A lesson for all those who oppose the development of airports – be careful what you ask for, you might get it. Ten years ago the City of Irvine, California, won its epic battle over the conversion of El Toro Marine Corps Air Station (“El Toro”) to a new commercial airport for Orange County, California. The site is more than 3,000 acres in size, and was, at the time, surrounded by a 14,000 acre “no development” buffer zone, that the military had maintained to insulate itself from liability for noise and other impacts from aircraft operations at El Toro.
Despite the largest land use buffer around any airport in the nation, and the fact that the noisiest military aircraft then in existence, the F-14, F-16 and F-18 fighter jets, had been operating regularly and continuously out of El Toro for more than 50 years, when El Toro was marked for closure under the Base Reuse and Realignment Act, 10 U.S.C. § 2687, et seq., (“BRAC”), and conveyed to Orange County through a public benefit conveyance, a number of cities in South Orange County, including Irvine and Laguna Niguel, banded together to stop the conversion. Their alternative was a 3,600 acre “Great Park” on the El Toro site, to include sports facilities, entertainment venues, and wildlife preservation areas, and limited commercial and residential development on the periphery.
It was a very convincing story, and, ultimately, in 2003, after 10 years of political and legal battles and the expenditure of many millions of dollars on both sides, the effort prevailed in the passage of an Initiative, Measure W. The Initiative transferred land use planning authority from Orange County to the City of Irvine, for the purpose of developing the “Great Park.” The only problem is, another 10 years and mega-millions of dollars later, the Great Park remains an empty field hosting an occasional tent show or fair, and is on the verge of becoming what its skeptics expected all along.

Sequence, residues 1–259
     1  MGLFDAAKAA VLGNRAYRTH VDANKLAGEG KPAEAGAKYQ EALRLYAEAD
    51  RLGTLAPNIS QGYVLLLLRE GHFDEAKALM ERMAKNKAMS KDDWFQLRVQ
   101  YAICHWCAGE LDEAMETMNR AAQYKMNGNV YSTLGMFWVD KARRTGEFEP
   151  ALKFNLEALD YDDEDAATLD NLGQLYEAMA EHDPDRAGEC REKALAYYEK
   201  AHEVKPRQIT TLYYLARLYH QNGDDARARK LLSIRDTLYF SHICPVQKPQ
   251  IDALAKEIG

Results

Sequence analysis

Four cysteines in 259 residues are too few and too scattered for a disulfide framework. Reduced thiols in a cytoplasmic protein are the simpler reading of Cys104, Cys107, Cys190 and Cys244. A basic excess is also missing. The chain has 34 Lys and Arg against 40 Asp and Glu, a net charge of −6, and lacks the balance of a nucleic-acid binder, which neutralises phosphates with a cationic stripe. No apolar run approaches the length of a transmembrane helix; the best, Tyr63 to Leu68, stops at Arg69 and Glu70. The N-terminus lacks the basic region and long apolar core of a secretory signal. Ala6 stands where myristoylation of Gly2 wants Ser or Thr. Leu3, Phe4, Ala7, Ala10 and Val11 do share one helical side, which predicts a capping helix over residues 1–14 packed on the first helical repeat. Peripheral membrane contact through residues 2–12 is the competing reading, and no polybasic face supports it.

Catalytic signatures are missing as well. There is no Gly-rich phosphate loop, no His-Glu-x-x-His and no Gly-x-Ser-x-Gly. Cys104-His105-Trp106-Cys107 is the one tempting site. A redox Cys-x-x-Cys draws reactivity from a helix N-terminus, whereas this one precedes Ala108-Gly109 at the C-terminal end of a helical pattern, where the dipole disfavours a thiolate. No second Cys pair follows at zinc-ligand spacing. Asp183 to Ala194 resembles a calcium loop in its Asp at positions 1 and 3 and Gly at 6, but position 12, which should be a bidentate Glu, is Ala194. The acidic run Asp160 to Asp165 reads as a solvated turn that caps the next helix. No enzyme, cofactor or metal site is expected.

Under the original scenario in its 2003 EIR, Irvine stated that the Great Park would have allowed, in addition to soccer fields and playgrounds in the nature of a New York Central Park, a 3,625 unit residential development by Lennar Corporation and associated commercial and office space. However, in a County fringed by beaches along its entire length and replete with State and local parks, Irvine and its partners were unable to obtain the $1.4 billion in State funding they had counted on for the development of the “Great Park.”
Predictably, therefore, they have made a deal with a subsidiary of the original developer to allow, not 3,600 residential units, but as many as 10,700. Moreover, the purported wildlife corridor, most of which was comprised of drainage ditches in the first instance, will be relocated and cut back to 132 acres. In addition, the developer will be allowed to construct 3.4 million square feet of medical science development, and 1.5 million square feet of commercial and office space. In return, the developer, instead of the State, will provide $125-$175 million toward construction of a lake and sports complex with as many as 24 soccer fields (despite the fact that substantially all the schools in South Orange County have soccer fields).
Also predictably, the Draft Environmental Impact Report (“DEIR”) for the new project, issued July 17, 2012, discloses that the “swap” will result in “significant and unavoidable impacts” on air quality and traffic “unless agencies not under Irvine’s control take measures to avoid them.” So, in the end, the “Great Park” that was supposed to be the “playground of Orange County” has become yet another housing and commercial development, with traffic and air quality impacts on surrounding residents even greater than those anticipated for the erstwhile airport, and which Irvine apparently takes no responsibility for mitigating. The lesson this teaches to residents wary of airport development is to be certain that the alternative is an improvement.